Of soccer and seagulls


“I’ve finally learned to accept myself for who I am: a beggar for good soccer. I go about the world, hand outstretched, and in the stadiums I plead: “A pretty move, for the love of God.” And when good soccer happens, I give thanks for the miracle and I don’t give a damn which team or country performs it.”
Eduardo Galeano, Uruguayan journalist, writer and novelist

It was just a couple weeks ago but the morning after the first slough will stay with me, the carnival lot felt like an energy field devoid of energy.

I woke a couple hours after falling asleep on an all-night slough (the carnival breakdown that rhymes with pow) and saw what I been seeing in the early mornings in the 500-car parking lot.

Seagulls standing in white contrast against the gravel and dirt lot, amid plastic plates, Chinese food cartons and plastic soda bottles.

Hundreds and hundreds of them squawking.

Walking around the lot I saw the Wacky Worm roller coaster and a couple other rides needed to be finished but trucks had been in and out of the lot all night hauling away the carnival that had sat on about two-football fields of now open space.

Along the midway, as if begging to have his picture taken, a Mexican carny sat alone on a “bitch,” which is the running joke in the carnival because ‘bench’ sounds like ‘bitch’ when said in a Spanish accent. A solitary man alone with his thoughts on an empty midway.

As people straggled out of their bunkhouses, R.V.s and cars, I joined in with the Mexicans breaking down the Wacky Worm.

Senor Grande they call me because I’m six-feet-five inches tall and most of them are much shorter. As the tall guy, I was asked to do lots of lifting over my head and my sore muscles felt like they might audibly squeak.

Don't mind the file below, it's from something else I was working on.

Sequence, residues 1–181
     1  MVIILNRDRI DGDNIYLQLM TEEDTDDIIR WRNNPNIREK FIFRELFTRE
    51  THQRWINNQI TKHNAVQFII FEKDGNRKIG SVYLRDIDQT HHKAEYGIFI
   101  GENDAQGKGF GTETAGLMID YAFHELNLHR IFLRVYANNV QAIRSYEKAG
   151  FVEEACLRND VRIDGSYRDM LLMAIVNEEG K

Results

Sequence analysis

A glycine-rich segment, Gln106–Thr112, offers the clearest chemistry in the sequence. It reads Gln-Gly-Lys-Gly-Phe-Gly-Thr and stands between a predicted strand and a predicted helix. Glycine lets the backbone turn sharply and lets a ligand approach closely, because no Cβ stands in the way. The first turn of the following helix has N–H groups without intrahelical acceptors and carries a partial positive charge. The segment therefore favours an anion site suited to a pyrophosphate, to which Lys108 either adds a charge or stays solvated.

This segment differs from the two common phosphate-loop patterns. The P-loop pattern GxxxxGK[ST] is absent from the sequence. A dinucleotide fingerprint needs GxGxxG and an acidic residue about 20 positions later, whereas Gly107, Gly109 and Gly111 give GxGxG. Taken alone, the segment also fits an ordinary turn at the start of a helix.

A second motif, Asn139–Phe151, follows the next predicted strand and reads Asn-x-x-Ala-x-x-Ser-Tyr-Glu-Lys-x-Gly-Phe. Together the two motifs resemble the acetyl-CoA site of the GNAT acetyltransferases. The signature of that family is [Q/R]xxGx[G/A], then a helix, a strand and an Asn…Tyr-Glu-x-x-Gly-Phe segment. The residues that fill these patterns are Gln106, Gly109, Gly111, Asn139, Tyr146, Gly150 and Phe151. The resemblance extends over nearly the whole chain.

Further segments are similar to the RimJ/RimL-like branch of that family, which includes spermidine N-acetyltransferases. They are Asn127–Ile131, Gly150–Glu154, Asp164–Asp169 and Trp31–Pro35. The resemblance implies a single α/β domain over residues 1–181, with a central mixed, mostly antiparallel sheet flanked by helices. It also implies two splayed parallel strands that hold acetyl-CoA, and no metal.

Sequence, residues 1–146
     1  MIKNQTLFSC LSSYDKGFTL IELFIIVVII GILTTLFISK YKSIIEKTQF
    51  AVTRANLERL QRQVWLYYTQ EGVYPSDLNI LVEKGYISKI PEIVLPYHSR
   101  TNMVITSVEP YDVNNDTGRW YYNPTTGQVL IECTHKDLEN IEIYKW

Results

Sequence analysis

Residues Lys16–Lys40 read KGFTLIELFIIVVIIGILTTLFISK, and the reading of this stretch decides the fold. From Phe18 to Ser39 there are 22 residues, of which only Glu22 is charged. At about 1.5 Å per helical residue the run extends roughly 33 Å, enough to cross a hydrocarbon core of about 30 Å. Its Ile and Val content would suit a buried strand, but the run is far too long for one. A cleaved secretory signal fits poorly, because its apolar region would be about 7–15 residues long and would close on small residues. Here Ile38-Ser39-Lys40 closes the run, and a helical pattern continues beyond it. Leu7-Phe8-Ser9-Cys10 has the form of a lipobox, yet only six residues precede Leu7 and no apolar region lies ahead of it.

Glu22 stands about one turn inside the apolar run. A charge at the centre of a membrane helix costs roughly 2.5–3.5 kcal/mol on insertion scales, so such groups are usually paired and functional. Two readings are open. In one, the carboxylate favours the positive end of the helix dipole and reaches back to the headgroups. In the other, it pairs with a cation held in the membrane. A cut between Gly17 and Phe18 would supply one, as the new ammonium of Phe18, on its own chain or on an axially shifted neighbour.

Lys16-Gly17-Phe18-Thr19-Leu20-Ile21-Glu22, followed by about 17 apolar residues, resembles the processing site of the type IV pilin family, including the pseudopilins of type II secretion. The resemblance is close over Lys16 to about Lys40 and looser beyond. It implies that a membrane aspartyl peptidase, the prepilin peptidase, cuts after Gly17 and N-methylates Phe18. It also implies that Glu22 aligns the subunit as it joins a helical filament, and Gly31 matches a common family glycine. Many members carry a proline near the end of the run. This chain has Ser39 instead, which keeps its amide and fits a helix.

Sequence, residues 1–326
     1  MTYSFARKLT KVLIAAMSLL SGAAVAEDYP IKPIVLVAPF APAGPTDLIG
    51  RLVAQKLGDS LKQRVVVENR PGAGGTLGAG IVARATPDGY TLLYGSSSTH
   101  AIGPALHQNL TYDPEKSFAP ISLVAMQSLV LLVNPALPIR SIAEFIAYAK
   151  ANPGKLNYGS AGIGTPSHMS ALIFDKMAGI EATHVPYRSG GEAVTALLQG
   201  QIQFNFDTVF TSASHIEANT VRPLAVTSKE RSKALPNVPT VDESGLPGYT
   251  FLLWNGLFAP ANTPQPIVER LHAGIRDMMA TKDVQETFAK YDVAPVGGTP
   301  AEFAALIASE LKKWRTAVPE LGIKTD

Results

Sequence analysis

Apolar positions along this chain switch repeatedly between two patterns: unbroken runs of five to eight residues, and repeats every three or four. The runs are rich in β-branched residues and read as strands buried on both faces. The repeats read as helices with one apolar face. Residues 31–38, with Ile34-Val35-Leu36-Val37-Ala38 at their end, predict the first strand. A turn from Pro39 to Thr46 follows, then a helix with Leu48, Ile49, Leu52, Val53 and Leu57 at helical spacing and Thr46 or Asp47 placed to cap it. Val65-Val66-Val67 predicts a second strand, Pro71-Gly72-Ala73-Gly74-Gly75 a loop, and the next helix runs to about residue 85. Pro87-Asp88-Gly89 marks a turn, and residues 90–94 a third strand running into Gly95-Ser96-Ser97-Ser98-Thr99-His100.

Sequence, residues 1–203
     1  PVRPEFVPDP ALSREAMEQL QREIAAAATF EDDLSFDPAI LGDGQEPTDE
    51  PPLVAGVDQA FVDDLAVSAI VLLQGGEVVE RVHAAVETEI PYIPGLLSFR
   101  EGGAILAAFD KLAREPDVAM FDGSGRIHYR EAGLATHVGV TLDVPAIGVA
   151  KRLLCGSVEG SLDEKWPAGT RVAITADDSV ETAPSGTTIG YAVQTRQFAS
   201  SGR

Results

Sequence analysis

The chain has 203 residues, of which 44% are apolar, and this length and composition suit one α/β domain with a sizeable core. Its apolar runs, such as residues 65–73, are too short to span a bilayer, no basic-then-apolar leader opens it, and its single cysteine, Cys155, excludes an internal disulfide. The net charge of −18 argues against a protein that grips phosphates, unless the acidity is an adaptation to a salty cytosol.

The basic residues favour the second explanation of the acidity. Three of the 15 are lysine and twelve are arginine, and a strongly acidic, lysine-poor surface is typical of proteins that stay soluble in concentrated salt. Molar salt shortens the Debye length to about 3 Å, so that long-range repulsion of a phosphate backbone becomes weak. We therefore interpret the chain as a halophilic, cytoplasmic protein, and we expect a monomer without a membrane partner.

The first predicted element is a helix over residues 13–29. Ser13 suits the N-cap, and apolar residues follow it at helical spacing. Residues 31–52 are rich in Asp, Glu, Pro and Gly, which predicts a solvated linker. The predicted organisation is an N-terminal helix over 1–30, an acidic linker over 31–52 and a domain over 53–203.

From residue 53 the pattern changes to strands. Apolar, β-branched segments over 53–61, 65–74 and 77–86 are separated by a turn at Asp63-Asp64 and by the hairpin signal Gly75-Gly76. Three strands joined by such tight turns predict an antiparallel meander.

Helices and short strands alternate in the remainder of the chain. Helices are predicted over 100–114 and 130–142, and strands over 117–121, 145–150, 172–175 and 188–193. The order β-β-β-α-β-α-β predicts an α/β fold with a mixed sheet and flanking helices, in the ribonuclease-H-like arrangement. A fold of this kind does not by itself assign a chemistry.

When the rides were all torn down the Mexicans, ranging from their 20s to early 40s, began playing soccer. The jointees and the ride jockeys passed the soccer ball to each other across the empty dirt lot, mostly a unused backfill plot along San Leandro Bay in West Oakland.

They put down their blackened hard hats and put on baseball caps or used their hands to brush back jet-black hair.

Most wear jeans or worn and dirty work pants, but one of the carnies wore pink Bermuda shorts and a designer shirt as he flashed around the field in front, behind and under the ball. He must have been very good when he was playing in his prime. He’s showing he’s not far past his prime.

They were passing the ball but they were playing to the crowd, mostly family and friends brought up from Mexico on a kind of carnival conveyor belt.

Cheers and comments in Spanish rose with every shoulder-high kick. It reminded me of old Westerns where cowboys sit on the fence as they watch someone break a horse. These men knew the sport. The players were trying to prove they still got it. The onlookers loved cheering and jeering in the mid-day sun. The players were kicking up dust that flew into the crowd.

The Carnival doesn’t pay until slough is finished and everyone seems to know when a woman from the ‘office’ is walking to the center of the crowd to hand out envelopes filled with $1s, $5, $10s and $20s.

She calls out names and people rush forward through the crowd like they won a raffle or got a letter from home.

Jokers in the crowd shout out who might be buying beer tonight, or steaks, or going cruising for girls.

People already have been saving seats in a van to get to the next town. Some will ride with truck drivers. In my last carnival, Monster said he used to jump freight trains from town to town if the jump was along the line.

Hot-headed Franklin, a parolee who rode me relentlessly all night during the slough, gets fed-up and decides to walk to the next town. It would have been a 15-to-20 mile overnight walk but the truck driver I was hitching with pulled over and picked him up. We rode together to the next town, listening to Franklin rail against Mexicans who make sure they get the van “before the Americans.”

As we pull out of the West Oakland lot, I can see the morning seagulls returned to the empty parking lot and stand by the hundreds, maybe thousands. They seem somehow menacing, also somehow like they belong and we don’t.

“Go,” they say.

They remind me of gargoyles, as a single plastic bag crosses the lot like a tumbleweed.

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